Over the past six months we have seen an increase in the number of emails with malicious Word (.doc) attachments. These messages utilize the available functionality in a file type that is very familiar to basically every computer user. By using this technique the attacker can increase the chances that one of these messages will be opened.

An interesting variant of the macro malware that we have been seeing hit our filters over the past few days is posing as an invoice from the also highly recognizable Adobe. The messages are quite simple in nature, thanking the recipient for their “purchase” of Adobe Creative Cloud Service. The messages all contain an attachment Invoice[dot]doc (MD5: 6767089af607eb6464374bb89ead8e3e).

adobe virus

Once the document is opened all the user has to do is click enable editing/content and the macro will infect the machine.

macroThis particular instance installs a fairly generic Trojan Downloader commonly referred to as some variation of “Downloader.VBA.Agent”.

Of course our customers are protected from all variants of this threat. However, if admins want to take it a step further they should consider disabling macros entirely using group policy if possible–that way they can combat documents with malicious macros that might make their way onto the network from any vector.

It’s been another rough year for netizens. AppRiver’s security analyst team has journaled many of the Web’s perils of the past year, including the spam and malware that has plagued it, the cybersecurity measures that are supposed to make it safer, as well as data breaches that shook consumers and employees.

In total, AppRiver quarantined 944 million messages containing malware from January to November, and an additional 705 million in December alone, doubling the number of malware messages from 2014. AppRiver also quarantined 26 billion spam messages in its filters.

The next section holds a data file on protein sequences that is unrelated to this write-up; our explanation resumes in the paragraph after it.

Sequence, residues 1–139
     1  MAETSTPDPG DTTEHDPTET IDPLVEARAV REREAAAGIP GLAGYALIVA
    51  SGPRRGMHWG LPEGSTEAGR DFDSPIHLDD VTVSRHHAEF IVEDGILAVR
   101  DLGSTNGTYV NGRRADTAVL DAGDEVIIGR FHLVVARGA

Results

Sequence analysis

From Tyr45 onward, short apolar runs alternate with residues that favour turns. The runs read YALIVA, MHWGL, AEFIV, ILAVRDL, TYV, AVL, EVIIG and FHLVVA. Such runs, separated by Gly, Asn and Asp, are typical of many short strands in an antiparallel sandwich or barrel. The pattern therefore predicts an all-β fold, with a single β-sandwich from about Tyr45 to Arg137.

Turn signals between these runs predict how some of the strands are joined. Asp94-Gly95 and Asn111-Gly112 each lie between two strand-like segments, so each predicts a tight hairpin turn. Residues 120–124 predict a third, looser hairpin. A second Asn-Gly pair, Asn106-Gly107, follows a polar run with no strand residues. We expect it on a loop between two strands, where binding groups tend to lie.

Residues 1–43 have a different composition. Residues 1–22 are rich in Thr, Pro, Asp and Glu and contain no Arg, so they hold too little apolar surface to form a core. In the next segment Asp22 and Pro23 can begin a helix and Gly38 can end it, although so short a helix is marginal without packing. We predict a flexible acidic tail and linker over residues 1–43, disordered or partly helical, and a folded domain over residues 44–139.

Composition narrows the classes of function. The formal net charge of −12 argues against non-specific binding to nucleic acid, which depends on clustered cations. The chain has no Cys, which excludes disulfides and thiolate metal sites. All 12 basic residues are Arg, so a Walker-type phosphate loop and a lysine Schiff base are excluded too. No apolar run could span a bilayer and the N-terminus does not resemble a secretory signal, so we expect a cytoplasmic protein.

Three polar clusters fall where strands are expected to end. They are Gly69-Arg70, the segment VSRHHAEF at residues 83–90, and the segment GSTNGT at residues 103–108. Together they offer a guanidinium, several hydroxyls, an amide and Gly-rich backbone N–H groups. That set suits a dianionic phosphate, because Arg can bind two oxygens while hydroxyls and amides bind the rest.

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Malware Campaigns:

Many malware campaigns came directly to individuals’ inboxes through spear phishing and spoofing attempts, pointing to the power of social engineering and trust.

Some of the major malware campaigns included:

  • Macros
  • Ransomware
  • Wire transfer fraud
  • JavaScript obfuscation

The report also devotes special video segments focused on macros malware attacks, wire transfer fraud, and ransomware.

Data Breaches:

Anthem, Premera, LastPass, Ashley Madison, Experian, and the Office of Personnel Management were some of the biggest breaches of 2015. The OPM data breach resulted in more than 18 million current and former federal employees’ records being breached, while the insurance company breaches resulted in more than 90 million patients’ health records being compromised.

Report co-author, Jon French, adds, “This year featured personal attacks on consumers, as cybercriminals favored personal data, such as health insurance records, online dating profiles, and HR files over financial information, such as credit card accounts and routing numbers. Cybercriminals are likely using this information to form detailed consumer profiles on the Dark Web for future attacks, like spear phishing and blackmail.”


Three major pieces of legislation were passed in the United States and the European Union this year, including:

“The Protecting Cyber Networks and National Cybersecurity Protection Advancement Acts will incentivize companies to share cyber threat information with U.S. government agencies,” says co-author and manager of security research, Troy Gill. “The goal is to prevent future attacks by sharing threat intelligence through joint efforts of government agencies and companies.”